ANNA MAURANEN is Professor and Research Director, and a former Vice-President at the University of Helsinki. Her research and publications include ELF, academic discourses, corpus linguistics, translation studies, and most recently modelling spoken language. She is co-editor of Applied Linguistics and formerly a founding co-editor of the Journal of English as a Lingua Franca. She has led several funded research projects, currently the largest being “Chunking in language: units of meaning and processing”. Many others have been concerned with corpora, changing English, and spoken and written ELF: above all the ELFA project and corpus (English as a Lingua Franca in Academic Settings), and the written WrELFA corpus. Recent books: Changing English. Global and local perspectives (2017, co-ed. with Filppula, Klemola &Vetchinnikova); Exploring ELF: Academic English shaped by non-native speakers (2012); English as a Lingua Franca – Studies and Findings (2009, co-ed. with Ranta); Linear Unit Grammar (with Sinclair 2006).
WILL BAKER is an Associate Professor of Applied Linguistics and Deputy Director of the Centre for Global Englishes in Modern Languages and Linguistics at the University of Southampton where he convenes the MA programme in Global Englishes. His research interests include English as a lingua franca (ELF), intercultural and transcultural communication, English language teaching and English medium instruction education. He has published and presented internationally in all these fields including as: co-editor of the ‘Routledge Handbook of English as a Lingua Franca’ (2018); author of the monograph ‘Culture and Identity through English as a Lingua Franca’ (De GruyterMouton, 2015); co-editor of the book series ‘Developments in English as Lingua Franca’ (De Gruyter Mouton); as well asnumerous articles in leading journals (e.g. TESOL Quarterly, Language and Intercultural Communication, Language Teaching, ELT Journal, Language Teaching Research and Journal of English as a Lingua Franca). His current research projects involve examinations of transcultural communication in social network communities, and exploring the relationship between English language learning and use and the development of Global/Intercultural Citizenship among international students (https://www.southampton.ac.uk/cge/projects/index.page).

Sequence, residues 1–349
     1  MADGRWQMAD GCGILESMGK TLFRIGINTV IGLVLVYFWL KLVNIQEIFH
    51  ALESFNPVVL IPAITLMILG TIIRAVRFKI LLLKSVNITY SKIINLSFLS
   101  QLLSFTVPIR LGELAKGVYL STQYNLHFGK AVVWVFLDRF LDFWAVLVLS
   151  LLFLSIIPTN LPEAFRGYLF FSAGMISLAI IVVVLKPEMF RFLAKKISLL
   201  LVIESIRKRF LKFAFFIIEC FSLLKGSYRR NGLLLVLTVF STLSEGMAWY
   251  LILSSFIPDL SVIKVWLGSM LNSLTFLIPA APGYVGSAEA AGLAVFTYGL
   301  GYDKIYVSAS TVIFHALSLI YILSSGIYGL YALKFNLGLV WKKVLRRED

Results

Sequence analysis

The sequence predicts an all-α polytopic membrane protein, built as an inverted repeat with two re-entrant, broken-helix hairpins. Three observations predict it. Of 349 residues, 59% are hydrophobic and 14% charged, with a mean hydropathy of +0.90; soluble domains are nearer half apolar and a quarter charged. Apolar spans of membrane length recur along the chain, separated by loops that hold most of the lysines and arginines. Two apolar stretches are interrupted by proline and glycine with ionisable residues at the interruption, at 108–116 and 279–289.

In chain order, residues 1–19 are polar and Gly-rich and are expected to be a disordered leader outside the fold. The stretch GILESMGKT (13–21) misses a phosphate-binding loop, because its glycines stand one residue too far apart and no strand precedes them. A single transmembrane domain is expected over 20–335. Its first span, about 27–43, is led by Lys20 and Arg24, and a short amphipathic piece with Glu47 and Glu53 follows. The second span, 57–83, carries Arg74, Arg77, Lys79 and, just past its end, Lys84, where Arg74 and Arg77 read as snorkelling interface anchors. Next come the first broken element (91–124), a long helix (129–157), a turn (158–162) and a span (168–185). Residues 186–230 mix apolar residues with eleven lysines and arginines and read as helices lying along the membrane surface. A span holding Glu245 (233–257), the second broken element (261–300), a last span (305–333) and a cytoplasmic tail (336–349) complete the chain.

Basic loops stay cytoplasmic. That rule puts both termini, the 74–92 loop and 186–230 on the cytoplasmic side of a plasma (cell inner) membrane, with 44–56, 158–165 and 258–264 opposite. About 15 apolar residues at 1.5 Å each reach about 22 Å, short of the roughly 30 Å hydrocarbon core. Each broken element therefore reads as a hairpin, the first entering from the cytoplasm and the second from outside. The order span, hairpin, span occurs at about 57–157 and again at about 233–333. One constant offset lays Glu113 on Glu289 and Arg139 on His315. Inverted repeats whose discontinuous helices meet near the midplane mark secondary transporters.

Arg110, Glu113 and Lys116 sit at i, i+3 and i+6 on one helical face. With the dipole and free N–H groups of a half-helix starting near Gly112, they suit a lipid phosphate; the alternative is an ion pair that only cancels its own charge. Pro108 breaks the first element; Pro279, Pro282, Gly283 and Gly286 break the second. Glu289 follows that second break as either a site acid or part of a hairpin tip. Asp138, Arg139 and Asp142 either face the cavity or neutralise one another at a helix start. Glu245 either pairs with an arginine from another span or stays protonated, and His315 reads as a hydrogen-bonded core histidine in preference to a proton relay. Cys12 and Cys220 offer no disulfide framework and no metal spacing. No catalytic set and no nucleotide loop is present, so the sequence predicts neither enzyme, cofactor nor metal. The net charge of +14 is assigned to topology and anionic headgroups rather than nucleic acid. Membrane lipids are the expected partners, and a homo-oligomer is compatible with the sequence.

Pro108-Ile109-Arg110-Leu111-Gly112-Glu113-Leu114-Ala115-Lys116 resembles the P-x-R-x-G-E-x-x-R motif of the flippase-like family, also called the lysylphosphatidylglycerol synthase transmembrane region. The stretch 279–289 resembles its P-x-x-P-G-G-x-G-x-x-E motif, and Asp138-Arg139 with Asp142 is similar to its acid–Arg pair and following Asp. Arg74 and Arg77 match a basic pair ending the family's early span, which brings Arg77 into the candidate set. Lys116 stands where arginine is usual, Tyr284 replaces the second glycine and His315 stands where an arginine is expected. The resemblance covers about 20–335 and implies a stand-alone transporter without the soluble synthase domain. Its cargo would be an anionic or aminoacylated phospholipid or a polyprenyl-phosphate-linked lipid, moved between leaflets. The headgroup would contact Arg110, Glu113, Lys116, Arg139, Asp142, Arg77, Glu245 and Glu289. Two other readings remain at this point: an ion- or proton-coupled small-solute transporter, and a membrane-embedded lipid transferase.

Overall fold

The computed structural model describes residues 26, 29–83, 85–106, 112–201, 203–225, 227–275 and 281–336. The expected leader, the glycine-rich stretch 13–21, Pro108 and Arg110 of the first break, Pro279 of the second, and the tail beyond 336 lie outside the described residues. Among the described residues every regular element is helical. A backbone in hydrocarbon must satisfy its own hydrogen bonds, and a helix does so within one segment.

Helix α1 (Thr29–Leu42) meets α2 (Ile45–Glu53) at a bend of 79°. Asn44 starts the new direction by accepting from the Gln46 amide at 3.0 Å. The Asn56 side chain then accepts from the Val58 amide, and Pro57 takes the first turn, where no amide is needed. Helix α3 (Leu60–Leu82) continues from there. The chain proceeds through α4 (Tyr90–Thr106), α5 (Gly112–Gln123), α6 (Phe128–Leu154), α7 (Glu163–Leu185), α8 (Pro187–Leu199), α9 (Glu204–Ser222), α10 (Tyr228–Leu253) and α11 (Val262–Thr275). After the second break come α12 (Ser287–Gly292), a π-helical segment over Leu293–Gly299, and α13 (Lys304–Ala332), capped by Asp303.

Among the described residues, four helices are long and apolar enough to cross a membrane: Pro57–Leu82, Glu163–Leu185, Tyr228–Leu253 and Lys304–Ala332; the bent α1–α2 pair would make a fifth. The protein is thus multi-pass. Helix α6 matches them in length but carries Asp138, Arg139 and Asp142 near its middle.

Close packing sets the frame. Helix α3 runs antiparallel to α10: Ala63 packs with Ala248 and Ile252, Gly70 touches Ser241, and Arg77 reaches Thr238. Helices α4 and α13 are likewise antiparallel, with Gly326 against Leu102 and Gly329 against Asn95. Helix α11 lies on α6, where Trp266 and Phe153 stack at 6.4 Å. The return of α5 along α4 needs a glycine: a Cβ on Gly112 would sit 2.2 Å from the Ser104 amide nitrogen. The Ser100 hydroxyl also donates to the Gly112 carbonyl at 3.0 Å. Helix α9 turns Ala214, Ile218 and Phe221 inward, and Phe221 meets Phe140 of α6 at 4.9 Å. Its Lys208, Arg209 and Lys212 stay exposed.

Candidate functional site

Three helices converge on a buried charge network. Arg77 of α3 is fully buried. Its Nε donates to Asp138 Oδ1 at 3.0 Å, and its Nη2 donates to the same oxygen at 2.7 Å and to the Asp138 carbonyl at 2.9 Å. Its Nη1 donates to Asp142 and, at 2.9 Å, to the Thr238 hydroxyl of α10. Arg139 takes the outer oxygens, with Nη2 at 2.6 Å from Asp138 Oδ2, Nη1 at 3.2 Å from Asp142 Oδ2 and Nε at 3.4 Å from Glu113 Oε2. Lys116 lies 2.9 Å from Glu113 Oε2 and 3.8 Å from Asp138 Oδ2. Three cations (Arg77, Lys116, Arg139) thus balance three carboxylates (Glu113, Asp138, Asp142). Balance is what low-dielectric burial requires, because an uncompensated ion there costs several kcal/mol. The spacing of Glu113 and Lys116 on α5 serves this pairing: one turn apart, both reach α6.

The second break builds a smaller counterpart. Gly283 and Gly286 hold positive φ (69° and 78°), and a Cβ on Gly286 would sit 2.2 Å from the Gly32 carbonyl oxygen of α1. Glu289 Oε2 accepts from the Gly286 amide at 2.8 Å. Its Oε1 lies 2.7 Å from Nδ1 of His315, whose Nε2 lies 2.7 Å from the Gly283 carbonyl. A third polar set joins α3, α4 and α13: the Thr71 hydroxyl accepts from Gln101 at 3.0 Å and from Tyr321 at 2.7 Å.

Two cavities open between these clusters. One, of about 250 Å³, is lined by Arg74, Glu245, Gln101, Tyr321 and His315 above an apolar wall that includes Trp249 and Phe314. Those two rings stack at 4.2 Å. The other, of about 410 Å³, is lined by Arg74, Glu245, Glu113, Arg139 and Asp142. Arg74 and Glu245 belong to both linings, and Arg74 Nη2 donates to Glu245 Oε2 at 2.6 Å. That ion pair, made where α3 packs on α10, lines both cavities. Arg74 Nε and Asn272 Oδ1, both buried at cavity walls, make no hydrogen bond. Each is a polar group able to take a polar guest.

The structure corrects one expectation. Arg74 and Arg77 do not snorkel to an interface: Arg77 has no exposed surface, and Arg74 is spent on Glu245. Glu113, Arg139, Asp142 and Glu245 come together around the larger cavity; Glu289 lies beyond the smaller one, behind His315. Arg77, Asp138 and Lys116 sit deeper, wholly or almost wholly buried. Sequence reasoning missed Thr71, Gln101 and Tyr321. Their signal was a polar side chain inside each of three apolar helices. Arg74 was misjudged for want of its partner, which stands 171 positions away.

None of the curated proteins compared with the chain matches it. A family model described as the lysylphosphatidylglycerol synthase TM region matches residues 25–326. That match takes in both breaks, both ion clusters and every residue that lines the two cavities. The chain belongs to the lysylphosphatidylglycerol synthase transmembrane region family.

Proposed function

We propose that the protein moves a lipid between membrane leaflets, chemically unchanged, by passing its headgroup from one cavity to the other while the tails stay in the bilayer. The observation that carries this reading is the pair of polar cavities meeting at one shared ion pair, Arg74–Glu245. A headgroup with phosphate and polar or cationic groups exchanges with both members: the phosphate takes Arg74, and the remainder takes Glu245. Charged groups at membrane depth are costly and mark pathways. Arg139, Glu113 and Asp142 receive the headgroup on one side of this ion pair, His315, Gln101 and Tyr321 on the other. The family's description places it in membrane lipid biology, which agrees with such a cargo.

LOURDES ORTEGA is a Professor in the Department of Linguistics at Georgetown University. She investigates second language development by adults through the lenses of usage-based linguistics, bilingualism research, and social justice. Originally from Spain, before moving to the USA in 1993 she was a teacher of Spanish at the Cervantes Institute in Athens, Greece. She has also taught English as a second language in the United States. Her recent articles have appeared in CALICO Journal, System, and in a forthcoming special issue in World Englishes. Her books include Understanding second language acquisition (2009, translated into Mandarin in 2016), and recent co-edited collections on The usage-based study of language learning and multilingualism (Georgetown University Press, 2016), Complexity Theory and language development: In celebration of Diane Larsen-Freeman (John Benjamins, 2017), and Usage-inspired L2 instruction: Researched pedagogy (John Benjamins, 2018). She is currently busy co-editing (with Annick De Houwer) The Handbook of Bilingualism for Cambridge University Press.
CONSTANT LEUNG is Professor of Educational Linguistics in the School of Education, Communication & Society, King’s College London. He is also a member of the Centre for Language Discourse and Communication within the College. Before taking up teaching positions in higher education he taught in schools and worked as advisory teacher and manager in local government. He was the founding Chair of the National Association for Language Development in the Curriculum (UK). He served as Treasurer of British Applied Linguistics Association (2001/3) and Chair of Research Committee, TESOL (2005/7). His research interests include education in ethnically and linguistically diverse societies, additional/second language curriculum and assessment, language policy and teacher professional development. Currently he serves as Joint Editor for Language Assessment Quarterly, Editor of Research Issues for TESOL Quarterly, and as a member of the Editorial Boards of Australian Review of Applied Linguistics, Language and Education, and the Modern Language Journal. He is a Fellow of the Academy of Social Sciences (UK).